PUBLISHED IN ISSUE 19
Clothing courtesy of Paolina Russo
Photography/Art Direction: Jelena Luise
Stylist: Brydie Perkins
Makeup: Stevie Squire
Models: Tiffany R. Chan and Helene Selam Kleih
Production, Creative Direction, & interview by: Jessica Canje, VULGARTEEN Productions
Paolina Russo isn’t afraid. Not of being too much, not of colour or of clashing. In her designs, she is completely and totally fearless in the best possible way. Currently completing her MA in Fashion Knitwear at Central Saint Martins, Paolina is already accustomed to industry praise, having made an impact with her designs early in her career. It took five years of studies and months of planning and preparation to premiere her first collection, but when she won the L’Oreal Professionnel Young Talent Award for her final BA collection, I Forgot Home, it was clear her talent and work ethic had set her apart from her fellow classmates.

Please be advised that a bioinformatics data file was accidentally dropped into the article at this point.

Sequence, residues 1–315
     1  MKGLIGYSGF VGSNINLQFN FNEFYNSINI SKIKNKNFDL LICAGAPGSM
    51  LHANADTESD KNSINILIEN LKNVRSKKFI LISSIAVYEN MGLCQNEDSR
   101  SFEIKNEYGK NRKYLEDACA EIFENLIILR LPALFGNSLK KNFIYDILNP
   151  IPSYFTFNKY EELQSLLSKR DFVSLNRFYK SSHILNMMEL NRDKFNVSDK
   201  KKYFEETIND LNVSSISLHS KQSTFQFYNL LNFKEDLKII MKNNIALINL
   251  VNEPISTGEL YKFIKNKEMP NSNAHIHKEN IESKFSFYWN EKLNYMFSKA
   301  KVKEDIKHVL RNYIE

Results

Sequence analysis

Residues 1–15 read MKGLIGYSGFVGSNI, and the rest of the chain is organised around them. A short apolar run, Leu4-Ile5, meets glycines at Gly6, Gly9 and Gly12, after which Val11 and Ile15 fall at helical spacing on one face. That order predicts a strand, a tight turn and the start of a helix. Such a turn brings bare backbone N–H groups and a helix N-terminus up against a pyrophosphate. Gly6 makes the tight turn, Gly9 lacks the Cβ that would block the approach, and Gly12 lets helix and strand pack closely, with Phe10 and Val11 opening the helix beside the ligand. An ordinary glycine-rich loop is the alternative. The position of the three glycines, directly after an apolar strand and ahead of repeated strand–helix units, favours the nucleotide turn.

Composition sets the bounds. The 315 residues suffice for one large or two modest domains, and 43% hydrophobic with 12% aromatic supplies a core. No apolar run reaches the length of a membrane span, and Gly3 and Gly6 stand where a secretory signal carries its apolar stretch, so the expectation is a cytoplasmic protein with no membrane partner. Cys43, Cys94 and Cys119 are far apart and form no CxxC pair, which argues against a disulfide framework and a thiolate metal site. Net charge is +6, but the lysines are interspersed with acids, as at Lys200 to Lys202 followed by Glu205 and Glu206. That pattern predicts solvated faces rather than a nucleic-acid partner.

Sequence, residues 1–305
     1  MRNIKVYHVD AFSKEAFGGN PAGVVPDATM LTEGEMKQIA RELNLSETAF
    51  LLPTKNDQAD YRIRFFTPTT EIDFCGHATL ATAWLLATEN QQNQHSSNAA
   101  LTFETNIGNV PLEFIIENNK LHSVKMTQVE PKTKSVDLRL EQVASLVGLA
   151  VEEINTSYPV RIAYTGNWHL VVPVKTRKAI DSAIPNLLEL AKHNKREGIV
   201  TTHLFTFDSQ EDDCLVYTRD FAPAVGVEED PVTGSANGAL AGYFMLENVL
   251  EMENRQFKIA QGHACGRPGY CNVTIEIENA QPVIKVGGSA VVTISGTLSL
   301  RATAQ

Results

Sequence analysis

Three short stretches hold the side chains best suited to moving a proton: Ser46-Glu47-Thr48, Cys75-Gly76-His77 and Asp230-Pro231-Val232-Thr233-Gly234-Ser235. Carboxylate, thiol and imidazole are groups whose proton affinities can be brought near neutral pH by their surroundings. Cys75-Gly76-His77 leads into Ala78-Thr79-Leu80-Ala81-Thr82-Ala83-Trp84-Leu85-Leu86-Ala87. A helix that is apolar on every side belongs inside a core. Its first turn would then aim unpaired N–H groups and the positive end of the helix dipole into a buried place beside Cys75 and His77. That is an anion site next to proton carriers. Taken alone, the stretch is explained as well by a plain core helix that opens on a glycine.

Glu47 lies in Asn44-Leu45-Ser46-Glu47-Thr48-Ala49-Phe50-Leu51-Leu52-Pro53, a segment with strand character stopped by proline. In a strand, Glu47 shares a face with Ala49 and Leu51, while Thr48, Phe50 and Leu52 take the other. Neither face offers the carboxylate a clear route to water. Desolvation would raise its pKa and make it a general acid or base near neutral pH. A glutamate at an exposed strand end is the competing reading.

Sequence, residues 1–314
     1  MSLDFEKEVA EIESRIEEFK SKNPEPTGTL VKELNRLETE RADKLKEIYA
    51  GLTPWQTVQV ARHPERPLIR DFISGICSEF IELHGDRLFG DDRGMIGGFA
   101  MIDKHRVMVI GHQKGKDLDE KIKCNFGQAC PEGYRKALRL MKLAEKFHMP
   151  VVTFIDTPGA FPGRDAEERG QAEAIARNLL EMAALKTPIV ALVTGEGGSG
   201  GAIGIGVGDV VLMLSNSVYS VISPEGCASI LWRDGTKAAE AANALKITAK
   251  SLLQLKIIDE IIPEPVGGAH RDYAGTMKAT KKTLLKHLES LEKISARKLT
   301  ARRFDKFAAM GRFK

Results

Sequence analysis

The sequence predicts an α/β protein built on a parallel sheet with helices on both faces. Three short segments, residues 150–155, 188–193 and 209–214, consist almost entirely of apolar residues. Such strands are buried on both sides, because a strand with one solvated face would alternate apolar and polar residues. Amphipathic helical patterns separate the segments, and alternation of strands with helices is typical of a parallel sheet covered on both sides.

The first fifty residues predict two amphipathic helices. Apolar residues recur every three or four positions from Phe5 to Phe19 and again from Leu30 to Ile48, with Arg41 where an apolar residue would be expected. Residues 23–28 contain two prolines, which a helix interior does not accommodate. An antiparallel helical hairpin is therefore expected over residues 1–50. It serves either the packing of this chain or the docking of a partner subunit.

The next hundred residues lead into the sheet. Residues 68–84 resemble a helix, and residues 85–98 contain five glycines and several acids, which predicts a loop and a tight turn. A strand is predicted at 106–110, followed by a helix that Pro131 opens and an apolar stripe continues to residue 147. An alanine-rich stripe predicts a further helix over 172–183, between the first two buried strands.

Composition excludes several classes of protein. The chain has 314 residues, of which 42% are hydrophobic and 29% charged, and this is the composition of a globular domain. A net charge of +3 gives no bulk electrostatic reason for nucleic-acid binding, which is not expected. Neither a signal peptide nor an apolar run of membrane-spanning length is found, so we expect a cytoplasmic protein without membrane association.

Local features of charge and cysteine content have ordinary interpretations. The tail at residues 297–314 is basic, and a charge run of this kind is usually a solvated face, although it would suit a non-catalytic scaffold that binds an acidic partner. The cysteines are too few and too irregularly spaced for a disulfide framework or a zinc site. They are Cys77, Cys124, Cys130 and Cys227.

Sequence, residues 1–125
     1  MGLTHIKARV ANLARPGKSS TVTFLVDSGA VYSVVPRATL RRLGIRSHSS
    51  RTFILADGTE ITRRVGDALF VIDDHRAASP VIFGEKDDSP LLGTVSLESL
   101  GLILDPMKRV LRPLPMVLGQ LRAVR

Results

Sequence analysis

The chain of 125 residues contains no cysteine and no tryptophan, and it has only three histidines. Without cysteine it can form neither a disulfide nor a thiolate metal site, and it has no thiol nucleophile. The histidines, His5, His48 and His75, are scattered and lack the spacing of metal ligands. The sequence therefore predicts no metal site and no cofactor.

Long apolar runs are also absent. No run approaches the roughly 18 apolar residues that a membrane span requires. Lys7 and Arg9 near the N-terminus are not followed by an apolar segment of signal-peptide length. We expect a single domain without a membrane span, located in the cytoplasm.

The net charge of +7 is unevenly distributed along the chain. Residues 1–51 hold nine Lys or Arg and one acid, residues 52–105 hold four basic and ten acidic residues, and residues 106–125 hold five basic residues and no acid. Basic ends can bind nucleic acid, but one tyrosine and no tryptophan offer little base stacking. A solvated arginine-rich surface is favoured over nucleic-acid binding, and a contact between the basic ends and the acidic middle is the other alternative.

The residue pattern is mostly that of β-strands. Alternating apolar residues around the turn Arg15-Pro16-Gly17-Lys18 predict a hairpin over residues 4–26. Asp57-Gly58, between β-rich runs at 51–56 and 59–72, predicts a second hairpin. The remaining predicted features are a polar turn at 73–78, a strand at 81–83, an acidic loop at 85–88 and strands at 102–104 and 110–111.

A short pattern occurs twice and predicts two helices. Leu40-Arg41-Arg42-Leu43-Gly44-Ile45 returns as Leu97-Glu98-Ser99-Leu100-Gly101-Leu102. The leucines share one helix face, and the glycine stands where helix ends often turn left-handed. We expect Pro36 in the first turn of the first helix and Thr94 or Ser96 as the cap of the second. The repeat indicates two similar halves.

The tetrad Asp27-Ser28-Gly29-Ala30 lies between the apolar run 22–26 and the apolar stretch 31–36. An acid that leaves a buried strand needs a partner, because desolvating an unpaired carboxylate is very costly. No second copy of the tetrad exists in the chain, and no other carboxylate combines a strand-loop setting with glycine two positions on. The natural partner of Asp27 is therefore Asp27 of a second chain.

As a person, Paolina leaves an impression—whether it’s her creative approach or her gentle calming voice. It’s no surprise she had a crocheted piece named after her in Margiela’s SS17 show. She was an intern for John Galliano, who she cites as one of her many mentors, and the feeling is clearly mutual. Not only do her intricate designs tell a nostalgic story, but they’re also eco-friendly, made from repurposed materials such as soccer shoes and balls, shin pads, sport-socks, and rollerblades. In an industry full of waste and dullness, Paolina brings a much-needed perspective and lively dose of colour. And the 23-year old, Canadian-born designer is only getting started. Here Paolina talks suburbs, Solange, and how music informs her work.
I know you’re from Markham as we have bonded over this [laughs]. Tell me about your upbringing and how this has influenced your work?